We often receive questions about the merits of various comp plan elements and alternatives. Recently received a question about the frequency of bonuses.
The right mix of incentives and structure depends on what you are trying to achieve. While commissions are typically tied to closed sales, while bonuses are often linked to other sales events and MBO’s, any incentive should be tied to behavior and activities you want from your reps.
For instance, companies that want a high volume of activity, often pay commissions on a regular basis – monthly or even more frequent – in order to sustain high levels of output. The downside is that it creates a very short-term focus. Reps that are compensated on number of calls or leads, may be less interested in customer satisfaction than making calls to achieve their targets. Reps that are paid monthly rather than quarterly, may create sales spikes right before month when they are most focused on achieving their targets.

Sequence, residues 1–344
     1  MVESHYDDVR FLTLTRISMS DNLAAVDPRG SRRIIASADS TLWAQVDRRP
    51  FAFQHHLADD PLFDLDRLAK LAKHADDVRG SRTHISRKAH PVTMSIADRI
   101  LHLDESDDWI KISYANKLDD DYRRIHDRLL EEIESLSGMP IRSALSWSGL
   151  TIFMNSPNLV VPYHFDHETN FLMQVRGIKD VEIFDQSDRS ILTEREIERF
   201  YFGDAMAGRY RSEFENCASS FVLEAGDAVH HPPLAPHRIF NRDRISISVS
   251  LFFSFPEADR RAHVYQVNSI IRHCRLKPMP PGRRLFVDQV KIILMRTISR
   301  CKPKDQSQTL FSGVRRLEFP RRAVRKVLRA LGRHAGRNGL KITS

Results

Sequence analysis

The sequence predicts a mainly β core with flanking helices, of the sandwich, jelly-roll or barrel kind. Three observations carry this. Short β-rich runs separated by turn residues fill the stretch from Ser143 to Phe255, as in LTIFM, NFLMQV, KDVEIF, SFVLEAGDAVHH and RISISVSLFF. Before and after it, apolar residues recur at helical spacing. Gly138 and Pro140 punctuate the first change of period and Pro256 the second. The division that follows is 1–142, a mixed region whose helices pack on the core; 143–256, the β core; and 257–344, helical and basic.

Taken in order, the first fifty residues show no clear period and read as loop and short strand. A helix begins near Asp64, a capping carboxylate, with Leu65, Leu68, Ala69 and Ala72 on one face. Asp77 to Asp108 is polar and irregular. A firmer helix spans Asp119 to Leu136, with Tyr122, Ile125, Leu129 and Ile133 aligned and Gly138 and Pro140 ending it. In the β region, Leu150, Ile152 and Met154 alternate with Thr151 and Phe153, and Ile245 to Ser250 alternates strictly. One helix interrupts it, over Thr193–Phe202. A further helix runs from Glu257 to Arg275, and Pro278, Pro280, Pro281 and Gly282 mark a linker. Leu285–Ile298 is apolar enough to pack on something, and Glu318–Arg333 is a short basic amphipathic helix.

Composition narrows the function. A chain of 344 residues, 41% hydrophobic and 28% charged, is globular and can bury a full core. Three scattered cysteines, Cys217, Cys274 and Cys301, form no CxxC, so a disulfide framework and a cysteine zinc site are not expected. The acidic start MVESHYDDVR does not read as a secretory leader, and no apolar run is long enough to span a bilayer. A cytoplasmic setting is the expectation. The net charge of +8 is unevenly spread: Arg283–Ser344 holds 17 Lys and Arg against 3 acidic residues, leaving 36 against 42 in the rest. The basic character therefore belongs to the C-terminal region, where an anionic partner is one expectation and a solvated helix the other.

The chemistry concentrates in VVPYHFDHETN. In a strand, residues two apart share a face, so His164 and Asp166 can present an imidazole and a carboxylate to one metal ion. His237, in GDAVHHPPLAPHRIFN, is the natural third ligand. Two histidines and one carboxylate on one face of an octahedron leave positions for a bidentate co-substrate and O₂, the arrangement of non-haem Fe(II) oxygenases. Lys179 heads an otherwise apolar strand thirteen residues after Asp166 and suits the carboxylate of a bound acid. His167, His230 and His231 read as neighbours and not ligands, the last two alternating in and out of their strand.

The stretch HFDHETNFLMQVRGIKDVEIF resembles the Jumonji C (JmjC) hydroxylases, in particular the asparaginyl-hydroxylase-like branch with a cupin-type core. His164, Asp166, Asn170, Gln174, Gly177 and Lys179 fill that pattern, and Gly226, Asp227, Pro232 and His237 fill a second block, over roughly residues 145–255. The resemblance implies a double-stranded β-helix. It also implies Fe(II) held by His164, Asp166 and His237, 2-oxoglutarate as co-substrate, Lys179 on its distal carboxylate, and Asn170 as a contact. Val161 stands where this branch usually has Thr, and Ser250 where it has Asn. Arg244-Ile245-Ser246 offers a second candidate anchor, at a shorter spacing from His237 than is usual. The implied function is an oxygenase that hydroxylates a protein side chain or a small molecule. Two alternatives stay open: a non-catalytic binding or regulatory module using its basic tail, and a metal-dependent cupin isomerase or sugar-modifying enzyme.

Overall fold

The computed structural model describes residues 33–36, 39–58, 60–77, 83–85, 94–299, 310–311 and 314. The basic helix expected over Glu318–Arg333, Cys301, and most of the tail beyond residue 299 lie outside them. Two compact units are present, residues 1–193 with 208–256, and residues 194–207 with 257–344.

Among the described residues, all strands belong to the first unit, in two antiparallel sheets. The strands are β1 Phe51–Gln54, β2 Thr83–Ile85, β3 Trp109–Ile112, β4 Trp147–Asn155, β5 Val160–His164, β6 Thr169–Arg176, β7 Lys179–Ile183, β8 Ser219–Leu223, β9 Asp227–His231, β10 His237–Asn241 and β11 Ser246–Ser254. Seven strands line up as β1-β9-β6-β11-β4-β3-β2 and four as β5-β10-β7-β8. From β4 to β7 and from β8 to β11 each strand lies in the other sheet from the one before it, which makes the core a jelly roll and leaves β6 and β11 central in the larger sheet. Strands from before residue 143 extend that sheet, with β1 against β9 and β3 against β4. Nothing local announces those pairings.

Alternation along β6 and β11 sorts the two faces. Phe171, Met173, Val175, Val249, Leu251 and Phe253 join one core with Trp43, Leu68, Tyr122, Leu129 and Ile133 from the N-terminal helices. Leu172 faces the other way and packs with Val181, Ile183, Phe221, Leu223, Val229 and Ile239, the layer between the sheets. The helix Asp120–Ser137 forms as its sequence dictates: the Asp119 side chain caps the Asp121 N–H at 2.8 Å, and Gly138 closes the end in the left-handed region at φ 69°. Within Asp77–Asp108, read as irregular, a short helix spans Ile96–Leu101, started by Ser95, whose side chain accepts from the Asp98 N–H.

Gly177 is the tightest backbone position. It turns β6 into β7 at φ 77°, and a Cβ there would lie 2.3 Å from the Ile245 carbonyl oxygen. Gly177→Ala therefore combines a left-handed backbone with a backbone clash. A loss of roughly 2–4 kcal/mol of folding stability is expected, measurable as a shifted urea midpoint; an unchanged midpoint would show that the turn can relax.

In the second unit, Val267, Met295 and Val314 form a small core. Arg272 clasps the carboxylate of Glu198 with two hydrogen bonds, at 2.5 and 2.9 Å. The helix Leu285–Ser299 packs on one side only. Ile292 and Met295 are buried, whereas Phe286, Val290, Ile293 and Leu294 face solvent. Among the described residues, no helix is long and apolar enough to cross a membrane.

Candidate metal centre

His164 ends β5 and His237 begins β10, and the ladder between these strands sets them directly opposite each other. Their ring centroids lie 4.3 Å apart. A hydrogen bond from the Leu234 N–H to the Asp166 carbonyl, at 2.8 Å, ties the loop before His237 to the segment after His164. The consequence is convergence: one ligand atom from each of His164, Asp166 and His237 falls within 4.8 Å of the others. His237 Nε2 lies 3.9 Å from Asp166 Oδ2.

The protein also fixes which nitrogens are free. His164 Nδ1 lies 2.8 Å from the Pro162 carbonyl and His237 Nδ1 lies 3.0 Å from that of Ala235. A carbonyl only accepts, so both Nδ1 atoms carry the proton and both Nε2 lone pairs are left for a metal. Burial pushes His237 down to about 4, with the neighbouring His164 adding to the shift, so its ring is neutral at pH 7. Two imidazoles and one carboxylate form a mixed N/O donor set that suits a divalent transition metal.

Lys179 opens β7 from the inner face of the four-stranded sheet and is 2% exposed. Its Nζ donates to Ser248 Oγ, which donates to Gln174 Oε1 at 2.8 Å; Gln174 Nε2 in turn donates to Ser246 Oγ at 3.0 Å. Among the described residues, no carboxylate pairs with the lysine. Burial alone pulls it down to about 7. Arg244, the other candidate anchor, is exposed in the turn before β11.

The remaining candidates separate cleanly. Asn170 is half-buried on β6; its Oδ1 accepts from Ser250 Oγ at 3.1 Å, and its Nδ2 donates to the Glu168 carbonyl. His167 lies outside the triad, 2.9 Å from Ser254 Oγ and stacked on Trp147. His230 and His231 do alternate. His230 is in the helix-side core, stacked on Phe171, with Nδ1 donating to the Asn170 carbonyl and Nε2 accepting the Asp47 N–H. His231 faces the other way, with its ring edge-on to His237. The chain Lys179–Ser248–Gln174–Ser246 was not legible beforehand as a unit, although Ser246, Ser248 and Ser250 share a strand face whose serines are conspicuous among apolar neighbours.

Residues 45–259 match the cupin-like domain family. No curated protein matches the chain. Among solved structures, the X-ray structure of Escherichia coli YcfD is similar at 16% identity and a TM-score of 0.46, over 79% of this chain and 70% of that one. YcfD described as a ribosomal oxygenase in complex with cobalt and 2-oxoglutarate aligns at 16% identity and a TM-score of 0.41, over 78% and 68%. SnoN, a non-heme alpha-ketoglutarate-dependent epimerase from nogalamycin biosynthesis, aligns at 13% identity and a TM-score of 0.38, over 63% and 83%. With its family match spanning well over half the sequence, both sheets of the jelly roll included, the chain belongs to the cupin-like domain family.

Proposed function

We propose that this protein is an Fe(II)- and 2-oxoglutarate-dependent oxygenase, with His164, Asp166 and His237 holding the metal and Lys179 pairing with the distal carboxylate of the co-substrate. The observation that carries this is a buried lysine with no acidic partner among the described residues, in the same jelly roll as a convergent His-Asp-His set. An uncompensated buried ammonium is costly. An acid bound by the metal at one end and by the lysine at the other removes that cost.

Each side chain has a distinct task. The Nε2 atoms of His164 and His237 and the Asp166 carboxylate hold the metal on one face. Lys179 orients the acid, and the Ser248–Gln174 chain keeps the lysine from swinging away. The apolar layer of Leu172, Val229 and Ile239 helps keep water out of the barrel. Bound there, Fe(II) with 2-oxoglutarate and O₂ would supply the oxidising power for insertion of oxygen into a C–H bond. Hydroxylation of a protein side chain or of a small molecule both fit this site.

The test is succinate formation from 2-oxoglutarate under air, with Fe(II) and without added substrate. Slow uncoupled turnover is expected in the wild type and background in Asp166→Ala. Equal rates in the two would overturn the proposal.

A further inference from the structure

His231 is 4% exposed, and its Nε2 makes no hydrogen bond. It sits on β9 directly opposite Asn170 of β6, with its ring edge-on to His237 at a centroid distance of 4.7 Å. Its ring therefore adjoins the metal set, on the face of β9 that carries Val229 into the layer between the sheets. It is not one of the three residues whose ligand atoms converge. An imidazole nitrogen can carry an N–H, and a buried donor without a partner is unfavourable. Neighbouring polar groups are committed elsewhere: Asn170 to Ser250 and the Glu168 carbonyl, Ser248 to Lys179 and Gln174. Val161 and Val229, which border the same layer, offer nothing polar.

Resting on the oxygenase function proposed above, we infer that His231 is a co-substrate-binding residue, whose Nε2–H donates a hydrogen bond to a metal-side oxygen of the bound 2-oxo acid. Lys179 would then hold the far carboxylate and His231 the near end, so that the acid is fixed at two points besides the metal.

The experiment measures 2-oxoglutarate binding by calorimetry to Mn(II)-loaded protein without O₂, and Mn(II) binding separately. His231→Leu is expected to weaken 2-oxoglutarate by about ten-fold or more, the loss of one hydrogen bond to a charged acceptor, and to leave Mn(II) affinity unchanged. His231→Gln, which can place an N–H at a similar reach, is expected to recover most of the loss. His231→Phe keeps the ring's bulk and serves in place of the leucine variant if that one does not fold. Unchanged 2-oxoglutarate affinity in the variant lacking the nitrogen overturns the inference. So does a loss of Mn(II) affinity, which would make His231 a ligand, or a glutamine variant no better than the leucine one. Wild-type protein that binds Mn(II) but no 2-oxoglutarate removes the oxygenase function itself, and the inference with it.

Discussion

“Spiffs” are often used on top of the normal comp incentives to support specific sales campaigns – ie. additional commissions on certain types or sales for the current month, or $X for all reps who sell more than Y products this month.
While most reps (most people) would prefer more frequent incentives which create regular cash flow, companies often prefer paying incentives less frequently to preserve cash flow. Incentives paid quarterly may eliminate monthly spikes, but less frequent incentive calculations typically also produce less short term results. On a longer sales cycle or with larger deals, monthly incentives may be irrelevant and quarterly incentive calculations are more common.
Bonuses tied to team or company performance are often paid annually, when the numbers are actually tallied (revenues, profits, EBITDA, etc).
In all cases, the best incentives are easy to interpret for the rep, and tied to events the reps can directly control and influence through their own behavior.
Eliot received his B. Comm. from Carleton University and has been honored as a Top 40 Under 40 Award winner.
He co-authored Sales Recruiting 2.0, How to Find Top Performing Sales People, Fast and provides regular insights on sales team management and hiring on the Peak Sales Recruiting Blog.
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